Carlos Santana says Precita Park in Bernal Heights is “where it all started.”
Santana hailed from northeast Bernal Heights, and he launched his musical career during freewheeling weekend jam sessions that transformed Precita Park into an urban amphiteater.
Precita Park was where it all started for Bernal neighbor Orlando Galvez as well. Orlando was a young kid at the time, but he lived on Folsom, just up the street from Precita Park, and the scene that sprang up around Santana during those musical weekends left a lasting impression.
These are Neighbor Orlando’s memories:
I remember when I was a six year-old boy, watching Carlos Santana play his guitar. I thought he was the coolest kid in the Precita Park. When Santana was playing, I would even drift away from my beloved satellite spinner to get a better view.
Precita Park was a weekend mecca where hippies, Black Panthers, Symbianese Liberation Army radicals, and neighborhood Chicanos with their spectacular, sparkling lowriders would all gather around the playground right near where the satellite spinner still spins today.
“Oye Como Va” always got the party started.
The whole park smelled like cannabis and fried chicken. It didn’t matter where you stood or what spot you claimed for your picnic; there was no escaping the foggy clouds going Up In Smoke. I remember it looking sort of like a gigantic outdoor steam room. Bongs traveled around the park as all the different tribes shared the “weefer” (that’s what they used to call it) from their pipes. In-between were dozens of Kentucky Fried Chicken buckets, half emptied of deep-fried original recipe wings, drumsticks, and buttered sourdough rolls. Along the street, dozens of customized lowriders parked bumper to bumper, stealthily showing off their power by competing for the highest hop near the mound in Precita Park where Carlos liked to play his guitar.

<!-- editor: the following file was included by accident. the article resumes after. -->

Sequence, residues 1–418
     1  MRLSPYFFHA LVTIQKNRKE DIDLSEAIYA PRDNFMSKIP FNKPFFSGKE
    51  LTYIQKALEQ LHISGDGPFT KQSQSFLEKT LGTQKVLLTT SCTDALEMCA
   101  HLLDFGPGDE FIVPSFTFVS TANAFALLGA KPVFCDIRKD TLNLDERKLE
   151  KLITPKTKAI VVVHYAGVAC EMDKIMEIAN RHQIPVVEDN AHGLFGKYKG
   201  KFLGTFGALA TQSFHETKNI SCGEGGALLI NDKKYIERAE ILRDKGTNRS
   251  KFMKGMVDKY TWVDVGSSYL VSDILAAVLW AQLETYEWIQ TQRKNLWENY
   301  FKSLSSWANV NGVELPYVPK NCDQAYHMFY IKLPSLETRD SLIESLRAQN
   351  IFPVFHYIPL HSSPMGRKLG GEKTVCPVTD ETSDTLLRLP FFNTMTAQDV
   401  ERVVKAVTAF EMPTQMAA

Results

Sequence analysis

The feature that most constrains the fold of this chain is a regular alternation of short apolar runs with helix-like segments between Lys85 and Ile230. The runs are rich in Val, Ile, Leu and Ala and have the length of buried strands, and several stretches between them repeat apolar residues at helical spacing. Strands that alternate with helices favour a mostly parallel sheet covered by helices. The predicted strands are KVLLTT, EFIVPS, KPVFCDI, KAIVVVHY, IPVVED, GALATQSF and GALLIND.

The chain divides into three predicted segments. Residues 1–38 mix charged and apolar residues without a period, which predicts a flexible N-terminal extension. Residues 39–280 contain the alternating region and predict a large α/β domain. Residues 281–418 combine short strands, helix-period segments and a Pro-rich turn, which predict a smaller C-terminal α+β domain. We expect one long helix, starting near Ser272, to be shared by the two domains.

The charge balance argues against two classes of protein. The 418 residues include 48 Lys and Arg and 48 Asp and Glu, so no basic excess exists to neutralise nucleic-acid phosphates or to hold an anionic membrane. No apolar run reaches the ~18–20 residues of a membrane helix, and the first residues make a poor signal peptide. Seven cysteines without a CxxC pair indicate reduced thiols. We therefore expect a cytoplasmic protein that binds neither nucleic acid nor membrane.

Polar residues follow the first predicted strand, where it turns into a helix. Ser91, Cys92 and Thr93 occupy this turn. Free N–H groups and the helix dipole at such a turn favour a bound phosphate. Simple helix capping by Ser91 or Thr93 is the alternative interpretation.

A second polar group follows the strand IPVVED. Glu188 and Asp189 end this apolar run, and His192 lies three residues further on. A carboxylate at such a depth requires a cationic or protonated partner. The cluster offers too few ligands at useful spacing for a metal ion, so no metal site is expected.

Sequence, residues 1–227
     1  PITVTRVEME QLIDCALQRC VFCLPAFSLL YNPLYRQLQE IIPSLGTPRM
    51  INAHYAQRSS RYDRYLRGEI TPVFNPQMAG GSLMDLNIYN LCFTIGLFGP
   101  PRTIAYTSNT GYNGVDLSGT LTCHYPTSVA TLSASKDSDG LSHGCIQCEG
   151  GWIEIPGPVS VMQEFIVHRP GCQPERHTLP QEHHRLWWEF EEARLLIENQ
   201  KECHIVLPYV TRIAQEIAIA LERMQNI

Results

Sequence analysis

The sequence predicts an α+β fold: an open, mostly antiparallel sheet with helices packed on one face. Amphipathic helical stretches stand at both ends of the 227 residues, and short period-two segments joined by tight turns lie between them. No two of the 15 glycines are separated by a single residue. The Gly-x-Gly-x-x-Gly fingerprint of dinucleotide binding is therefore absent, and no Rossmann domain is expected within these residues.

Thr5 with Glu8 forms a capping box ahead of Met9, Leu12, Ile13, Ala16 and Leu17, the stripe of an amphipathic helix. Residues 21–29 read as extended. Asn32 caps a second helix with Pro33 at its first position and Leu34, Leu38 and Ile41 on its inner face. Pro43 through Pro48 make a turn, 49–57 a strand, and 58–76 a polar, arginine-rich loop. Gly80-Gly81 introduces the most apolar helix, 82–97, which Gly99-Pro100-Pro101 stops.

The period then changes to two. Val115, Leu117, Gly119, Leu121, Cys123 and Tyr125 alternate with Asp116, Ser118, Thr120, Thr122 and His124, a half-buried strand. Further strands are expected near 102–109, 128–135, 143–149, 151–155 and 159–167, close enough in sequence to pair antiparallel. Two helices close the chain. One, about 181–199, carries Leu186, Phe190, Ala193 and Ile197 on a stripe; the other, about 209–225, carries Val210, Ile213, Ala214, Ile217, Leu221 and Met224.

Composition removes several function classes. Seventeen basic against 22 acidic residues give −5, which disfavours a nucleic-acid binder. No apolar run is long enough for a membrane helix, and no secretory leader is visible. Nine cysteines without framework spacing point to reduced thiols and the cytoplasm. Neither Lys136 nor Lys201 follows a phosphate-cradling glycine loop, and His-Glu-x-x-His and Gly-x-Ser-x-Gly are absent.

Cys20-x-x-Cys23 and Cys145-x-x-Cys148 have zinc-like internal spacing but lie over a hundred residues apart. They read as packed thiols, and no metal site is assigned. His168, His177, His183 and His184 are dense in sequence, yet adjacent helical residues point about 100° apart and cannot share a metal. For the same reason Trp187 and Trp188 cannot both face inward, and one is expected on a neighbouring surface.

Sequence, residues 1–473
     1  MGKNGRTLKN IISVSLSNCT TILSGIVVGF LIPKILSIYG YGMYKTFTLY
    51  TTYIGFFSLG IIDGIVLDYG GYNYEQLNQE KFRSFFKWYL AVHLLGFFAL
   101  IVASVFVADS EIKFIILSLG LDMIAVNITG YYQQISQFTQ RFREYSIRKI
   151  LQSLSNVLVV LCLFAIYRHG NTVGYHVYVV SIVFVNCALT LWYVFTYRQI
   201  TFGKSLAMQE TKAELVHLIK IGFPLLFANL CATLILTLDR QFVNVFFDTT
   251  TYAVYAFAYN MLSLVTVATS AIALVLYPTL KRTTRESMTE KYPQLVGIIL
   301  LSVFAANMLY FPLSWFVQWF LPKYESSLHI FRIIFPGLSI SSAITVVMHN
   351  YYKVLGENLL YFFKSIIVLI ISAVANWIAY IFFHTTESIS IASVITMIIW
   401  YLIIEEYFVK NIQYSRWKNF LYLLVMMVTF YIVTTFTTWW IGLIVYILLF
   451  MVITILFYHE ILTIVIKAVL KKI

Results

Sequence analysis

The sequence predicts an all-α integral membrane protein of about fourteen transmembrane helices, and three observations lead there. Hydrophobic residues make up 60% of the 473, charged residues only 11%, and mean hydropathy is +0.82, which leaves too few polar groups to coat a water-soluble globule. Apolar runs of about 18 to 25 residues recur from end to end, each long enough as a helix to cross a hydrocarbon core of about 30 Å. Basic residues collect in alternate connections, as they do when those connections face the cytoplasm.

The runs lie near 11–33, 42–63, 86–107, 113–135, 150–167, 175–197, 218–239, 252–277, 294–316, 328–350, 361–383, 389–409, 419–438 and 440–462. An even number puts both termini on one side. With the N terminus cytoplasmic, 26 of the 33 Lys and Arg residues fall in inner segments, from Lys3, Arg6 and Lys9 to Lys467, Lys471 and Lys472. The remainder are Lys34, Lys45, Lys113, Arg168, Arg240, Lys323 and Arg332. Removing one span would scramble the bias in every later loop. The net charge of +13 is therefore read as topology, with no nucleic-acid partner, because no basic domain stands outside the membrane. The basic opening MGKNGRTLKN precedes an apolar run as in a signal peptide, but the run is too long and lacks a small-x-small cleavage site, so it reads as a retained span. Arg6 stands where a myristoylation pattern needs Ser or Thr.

That’s how I remember Precita Park in the late sixties and very early seventies. I feel fortunate to have been a part of that era. This was before America declared war on the poor through Reagan’s “war on drugs.” It was also way, way before LAPD chief Daryl Gates began using gangster tactics to antagonize non-white, non-affluent neighborhoods. It was before the Black Panther raids, and before Gates-inspired SWAT teams were given the “go ahead” to begin terrorizing citizens.
In hindsight though, I realize I’m also fortunate to have had the unique opportunity to grow up in Bernal Heights, one of San Francisco’s most unique and profound neighborhoods, at a time when it was so rich in culture, politics, art, and (most of all) controversy. Where else on this planet could a six year-old boy hear Santana’s electric guitar on any given Sunday, free of charge, in seventy-ish degree weather, before an evening mist of Pacific fog rolled in?
A six year old boy pays attention to the adults around him, because those adults seem like godly giants. As I write of these remembered moments, I feel incredible gratitude for all the care and love I received from everyone who was in the park in those days. Listening to Santana in Precita Park had a big influence on me, but only now do I realize how much it shaped me into the person I have become.
Such awesomeness. Have a Bernal memory to share? Email your story to us: bernalwood at gmail dotcom.
PHOTOS: Top, “Inspire To Aspire,” a Carlos Santana tribute mural (now effaced) painted in 1987 by Michael Rios at South Van Ness at 22nd Street. Below, Precita Park in 1973. Santana played on the mound in the foreground, and on a patch of concrete just to the left. Orlando called this play structure The Octopus., “That thing was so hard to climb,” he says. “The pegs were too short, and they were made of iron, so they were super slippery.” Photo by Max Kirkeberg via the Bernal Heights History Project.